Innovation policy has a budget problem. Here’s how Congress can fix it.
Odd that you two did not talk about the history of the prohibition on dynamic scoring.
As I understand it, Congress tied its own hands in order to avoid distorted and unrealistic boosterism ("monorail!") that would promise miracle growth from every tax-cut, or from every increase in immigration.
Republicans have spent the last 50 years lying about the economic benefits of tax-cuts for the wealthy ("trickle-down," "Laffer curve," etc.), so Democrats have a reason not to allow them to use "dynamic scoring" i.e. to make shit up. And Republicans are pretty sure that highly educated immigrants will vote Democratic, so they have a reason not to allow your proposal to be dynamically-scored.
Both sides suspect that it is just too easy to use this method to lie for partisan advantage when a party has captured the House. So they grudgingly forgo using it so as not to let the other side abuse it. What does your proposal do to change that underlying dynamic?
Like I feel like there’s an assume a can opener quality that’s untested here.
Can the cbo accurately predict these consequences to a level acceptable to everyone. Like one of the first things I learned about economics is unintended consequences are a real thing that plagues policy making immemorially. How confident are we that the cbo can predict the consequences of things in the economy if we let them try.
Like of course if they can this would be a good thing for them to do but I’m unsure if they can.
obviously we should dynamically score ideas that I already agree with and not use it for my ideological opponents' ideas
I can't see such scores being very persuasive to people who are not already in favor of what is being proposed.
The piece mentions dynamic effects of cutting taxes. Will progressives believe a score that claims large positive dynamic effects? Or how would they react to a report that tax hikes on high income earners have a significant negative impact on growth?
Or take social spending on families with children. A progressives economist will argue that such spending pays a dividend in terms of more productive workers, lower healthcare costs, less crime, etc. I expect that a conservative economist would estimate these effects as small and uncertain.
Basically, any estimate of dynamic effects will depend strongly on your ideological priors; much more so than the current scores. I doubt you can create a process that's broadly trusted.
It would be so much better to just eliminate the filibuster and let the Senate govern by simple majority. This whole legislative Cirque de Soleil is brought about by that Byrd Amendment and the possibility of special reconciliation rules that might let something or other pass 51-49, if only they can “score” it won’t increase the deficit after 10 years.
The authors cite GOP efforts to use dynamic scoring to push through tax cuts. Can't we retroactively apply dynamic scoring and see what the outcomes were? Or are there too many variables to isolate the effects of the tax cuts... in which case, wouldn't the same objection apply to the authors' proposal?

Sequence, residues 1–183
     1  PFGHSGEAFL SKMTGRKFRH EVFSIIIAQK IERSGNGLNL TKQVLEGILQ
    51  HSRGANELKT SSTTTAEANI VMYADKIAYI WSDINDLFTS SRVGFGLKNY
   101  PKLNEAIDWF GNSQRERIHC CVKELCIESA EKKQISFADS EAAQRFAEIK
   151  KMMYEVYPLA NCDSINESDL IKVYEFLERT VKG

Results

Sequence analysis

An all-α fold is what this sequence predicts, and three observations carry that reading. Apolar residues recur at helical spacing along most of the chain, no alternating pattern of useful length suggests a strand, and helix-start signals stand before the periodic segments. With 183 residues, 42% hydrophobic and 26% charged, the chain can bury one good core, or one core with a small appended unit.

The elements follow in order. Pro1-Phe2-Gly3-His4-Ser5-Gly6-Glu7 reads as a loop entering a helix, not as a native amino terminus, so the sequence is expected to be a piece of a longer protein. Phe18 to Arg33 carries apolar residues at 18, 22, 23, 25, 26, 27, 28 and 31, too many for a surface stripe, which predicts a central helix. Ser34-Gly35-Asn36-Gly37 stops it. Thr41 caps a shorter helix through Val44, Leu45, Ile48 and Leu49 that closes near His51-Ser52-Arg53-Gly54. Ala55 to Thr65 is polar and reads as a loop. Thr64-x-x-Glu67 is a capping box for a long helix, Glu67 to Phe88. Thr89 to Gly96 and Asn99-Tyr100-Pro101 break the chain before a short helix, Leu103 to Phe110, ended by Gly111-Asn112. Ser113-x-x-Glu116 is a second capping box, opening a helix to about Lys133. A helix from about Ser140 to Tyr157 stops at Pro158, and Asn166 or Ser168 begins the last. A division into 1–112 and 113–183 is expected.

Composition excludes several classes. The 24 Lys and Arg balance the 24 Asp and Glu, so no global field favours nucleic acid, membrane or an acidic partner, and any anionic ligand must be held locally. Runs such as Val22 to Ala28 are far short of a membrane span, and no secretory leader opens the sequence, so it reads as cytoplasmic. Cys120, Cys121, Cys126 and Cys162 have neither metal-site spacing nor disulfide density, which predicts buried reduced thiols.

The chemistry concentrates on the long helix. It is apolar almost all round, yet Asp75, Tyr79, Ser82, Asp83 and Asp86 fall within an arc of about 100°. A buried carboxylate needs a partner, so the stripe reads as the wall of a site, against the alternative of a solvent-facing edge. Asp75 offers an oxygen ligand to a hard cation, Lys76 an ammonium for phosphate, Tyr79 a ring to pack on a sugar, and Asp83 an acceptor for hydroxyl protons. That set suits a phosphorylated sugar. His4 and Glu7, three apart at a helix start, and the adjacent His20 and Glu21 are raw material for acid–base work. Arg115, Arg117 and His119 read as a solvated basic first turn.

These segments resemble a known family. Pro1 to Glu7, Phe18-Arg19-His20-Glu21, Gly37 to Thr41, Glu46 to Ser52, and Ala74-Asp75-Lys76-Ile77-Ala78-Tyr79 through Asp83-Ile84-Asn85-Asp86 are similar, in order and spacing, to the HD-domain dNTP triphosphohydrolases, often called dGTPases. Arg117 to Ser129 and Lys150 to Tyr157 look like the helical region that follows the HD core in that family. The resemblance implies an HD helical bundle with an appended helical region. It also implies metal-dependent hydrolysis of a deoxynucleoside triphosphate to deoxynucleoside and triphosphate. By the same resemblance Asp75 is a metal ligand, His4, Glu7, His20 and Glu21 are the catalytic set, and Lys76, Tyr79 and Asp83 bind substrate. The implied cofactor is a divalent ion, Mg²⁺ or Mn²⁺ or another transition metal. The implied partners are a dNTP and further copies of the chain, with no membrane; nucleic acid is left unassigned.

Dynamic scoring seems better than the current approach, but who is the target audience for these analyses?
I've seen people use CBO/JCT projections as evidence for positions they already agree with, but I get the impression that most people consuming their reports _to learn something_ are already familiar with their methodological shortcomings.
I don’t think the issue of appropriately scoring the economic impact of high skilled immigration is the real blocker to legislation passing. Congress has shows almost exclusively over the past two decades that they will pass huge laws without regard for budget implications if the political will or necessity arises. It’s just tied to immigration generally and so negatively coded for the right, that won’t change soon.
As an economist who builds models, any attempt at qualifying impact of things like immigration and R&D is so impricise that if you present the error bands you get laughed out of the room. You're better off saying there is unquantified upside benefit in addition to the static score or you can provide a demonstrative example of the upside: if we assume x and y positive impact, the resulting revenue is z.
Going to plug my hobby horse. If conservatives (correctly) want to point out that SOME of the revenue losses from tax cuts will be recouped from increased revenues due to higher growth, there are $20 bills on the sidewalk to be picked up by eliminating welfare cliffs. Granted, this is more of a blue state problem, red states just tend to have fewer welfare benefits to begin with. For instance, the city of Chicago and the state of Illinois could save themselves some money by coordinating as to not create this clusterfuck of incentives:
Nope, I'm not buying this argument.
Two quotes jumped out at me:
"it’s an open secret that proposals to increase the number of high-skilled immigrants are currently tabulated by the U.S. government as being a net cost to the U.S. economy rather than a net benefit. . . The [CBO and JCT] tabulated that it would cost the federal government $3.1 billion over 10 years."